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Posted Date: 6/1/2003

Life Without Quotas

If you're like most apparel executives, you probably have a strong appetite these days for business predictions, particularly as they relate to apparel market share and hot sourcing trends.

One of my favorite industry pundits is Mary O'Rourke, managing director of The Jassin-O'Rourke Group, and a well-acknowledged industry expert on international trade issues, global production and sourcing migration. I've heard her speak on numerous occasions, most recently at the annual meeting of SPESA (Sewn Products Equipment & Suppliers of the Americas). As usual, Ms. O'Rourke did not disappoint, providing interesting perspective and food for thought on the brink of 2005 (and life without quotas). Here are some of her most compelling predictions.

Key Prediction: While quotas may be going away, don't count on saving any money. O'Rourke says governments aren't about to give up revenue, so quota costs will simply transition into some other type of added expense, keeping the cost of goods to buyers at about the same price.

Key Prediction: Post-2005, it's all about sourcing overhead costs. O'Rourke predicts that by the end of 2004, sourcing staffs will be reduced by 40 percent, and that secondary sourcing and quality assurance offices in Asia will be shuttered as well. Trading companies will evolve into the areas of product development, merchandising and the licensing of trademarks for brands (i.e., Li & Fung's recent deal to buy Ferragamo).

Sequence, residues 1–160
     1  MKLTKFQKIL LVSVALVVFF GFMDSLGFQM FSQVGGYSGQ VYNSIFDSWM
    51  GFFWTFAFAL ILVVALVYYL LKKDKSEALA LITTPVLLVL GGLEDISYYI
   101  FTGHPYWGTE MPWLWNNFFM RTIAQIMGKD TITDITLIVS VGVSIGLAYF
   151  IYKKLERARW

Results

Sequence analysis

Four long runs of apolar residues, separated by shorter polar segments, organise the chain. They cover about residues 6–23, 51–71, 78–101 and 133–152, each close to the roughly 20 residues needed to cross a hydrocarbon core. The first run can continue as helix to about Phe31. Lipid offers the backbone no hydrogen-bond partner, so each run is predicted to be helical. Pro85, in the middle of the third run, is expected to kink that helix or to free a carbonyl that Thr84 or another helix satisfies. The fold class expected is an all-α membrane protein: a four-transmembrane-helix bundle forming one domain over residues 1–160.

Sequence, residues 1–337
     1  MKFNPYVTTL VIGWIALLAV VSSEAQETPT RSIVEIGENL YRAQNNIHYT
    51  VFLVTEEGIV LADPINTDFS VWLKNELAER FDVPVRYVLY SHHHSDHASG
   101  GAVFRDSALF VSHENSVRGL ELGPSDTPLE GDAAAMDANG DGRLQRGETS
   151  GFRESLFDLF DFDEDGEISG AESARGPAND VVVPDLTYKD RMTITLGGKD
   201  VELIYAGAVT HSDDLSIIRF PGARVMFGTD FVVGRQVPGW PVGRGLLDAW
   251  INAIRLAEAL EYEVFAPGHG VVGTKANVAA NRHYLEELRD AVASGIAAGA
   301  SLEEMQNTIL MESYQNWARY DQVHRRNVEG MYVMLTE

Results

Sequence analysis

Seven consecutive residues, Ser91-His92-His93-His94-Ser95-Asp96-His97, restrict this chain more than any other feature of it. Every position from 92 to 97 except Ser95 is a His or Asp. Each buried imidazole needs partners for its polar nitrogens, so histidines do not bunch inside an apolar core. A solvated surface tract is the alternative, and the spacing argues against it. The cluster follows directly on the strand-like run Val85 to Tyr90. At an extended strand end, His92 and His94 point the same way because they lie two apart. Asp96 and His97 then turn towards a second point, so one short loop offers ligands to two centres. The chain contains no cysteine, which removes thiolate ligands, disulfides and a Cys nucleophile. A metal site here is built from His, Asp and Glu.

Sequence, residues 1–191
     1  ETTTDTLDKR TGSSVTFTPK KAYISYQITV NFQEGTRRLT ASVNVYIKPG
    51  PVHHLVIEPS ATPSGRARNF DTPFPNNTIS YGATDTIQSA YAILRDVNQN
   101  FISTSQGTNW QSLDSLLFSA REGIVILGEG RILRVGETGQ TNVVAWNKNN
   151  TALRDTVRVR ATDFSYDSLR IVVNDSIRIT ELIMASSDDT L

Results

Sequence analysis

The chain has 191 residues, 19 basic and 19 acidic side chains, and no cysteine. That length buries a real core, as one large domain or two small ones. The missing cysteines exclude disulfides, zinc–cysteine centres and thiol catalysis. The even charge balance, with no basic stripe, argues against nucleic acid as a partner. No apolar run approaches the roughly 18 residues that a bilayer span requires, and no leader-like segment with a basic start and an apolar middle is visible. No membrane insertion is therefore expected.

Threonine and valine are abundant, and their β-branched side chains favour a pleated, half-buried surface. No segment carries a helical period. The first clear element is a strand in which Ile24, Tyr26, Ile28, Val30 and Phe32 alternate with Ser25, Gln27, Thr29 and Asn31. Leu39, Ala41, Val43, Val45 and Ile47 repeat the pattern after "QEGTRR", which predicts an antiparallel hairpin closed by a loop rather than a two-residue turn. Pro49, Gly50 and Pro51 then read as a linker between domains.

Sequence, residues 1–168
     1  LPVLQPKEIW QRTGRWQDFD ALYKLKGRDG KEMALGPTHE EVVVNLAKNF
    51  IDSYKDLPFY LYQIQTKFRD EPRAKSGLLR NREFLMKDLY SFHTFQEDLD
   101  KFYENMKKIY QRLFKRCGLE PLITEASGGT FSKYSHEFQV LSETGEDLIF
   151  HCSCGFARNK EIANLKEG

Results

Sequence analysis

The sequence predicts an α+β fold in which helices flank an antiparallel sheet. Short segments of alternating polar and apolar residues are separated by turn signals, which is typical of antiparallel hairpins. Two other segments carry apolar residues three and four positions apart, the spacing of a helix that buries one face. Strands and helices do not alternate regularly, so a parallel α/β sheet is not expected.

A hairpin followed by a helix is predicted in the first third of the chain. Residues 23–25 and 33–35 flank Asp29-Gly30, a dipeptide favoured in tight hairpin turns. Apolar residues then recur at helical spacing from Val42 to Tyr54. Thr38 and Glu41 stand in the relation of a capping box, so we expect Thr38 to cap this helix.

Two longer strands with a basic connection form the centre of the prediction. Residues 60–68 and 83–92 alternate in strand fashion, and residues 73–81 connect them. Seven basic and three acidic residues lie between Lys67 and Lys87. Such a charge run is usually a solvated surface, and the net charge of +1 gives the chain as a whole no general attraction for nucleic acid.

Key Prediction: China's production will surge in 2004 - as there will be no 2005 bucket of quotas from which they will have to borrow - but mainly at the expense of higher cost Asian suppliers including Taiwan, Korea, Thailand, Malaysia and the Philippines.

Key Prediction: Of goods consumed in the United States and Canada, 20 percent to 25 percent of the demand will be sourced regionally in the Western Hemisphere to reduce inventory risk; to facilitate Quick Response, test orders and replenishment orders; and to take advantage of regional trade programs.

Key Prediction: O'Rourke says that goods produced in the Western Hemisphere within a Quick Response or replenishment niche can generate an associated lead time cost savings of $.10 to $.15 per garment as compared with Asia and the Middle East.

Key Prediction: Central America can offer an advantage over Asia in knit cotton basics, men's woven cotton bottoms and Quick Response fabric basics, the latter wherein colors can be tested and replenished as appropriate depending on what sells.

Key Prediction: Central America will be vulnerable due to lack of fabric availability and a decreasing ability to provide coordinates (such as woven bottoms to coordinate with women's knit tops). O'Rourke says the Central American Free Trade Agreement must be passed prior to the 2004 elections in order to impact the region's growth favorably.

Key Prediction: Peru will become more important in better quality knit tops (such as men's golf shirts); Colombia will re-emerge strong in woven tailored goods; Mexico will remain a denim king but continue to lose ground in other categories; the Dominican Republic's production will contract; and Sub-Saharan Africa will have short-term sourcing advantages until 2005, and then lose some ground to China and Bangladesh.

Whether you agree, disagree or are neutral about these predictions, they're good nuggets of industry intelligence to ponder as your team deals with the changing global scenario and plots its next strategy.

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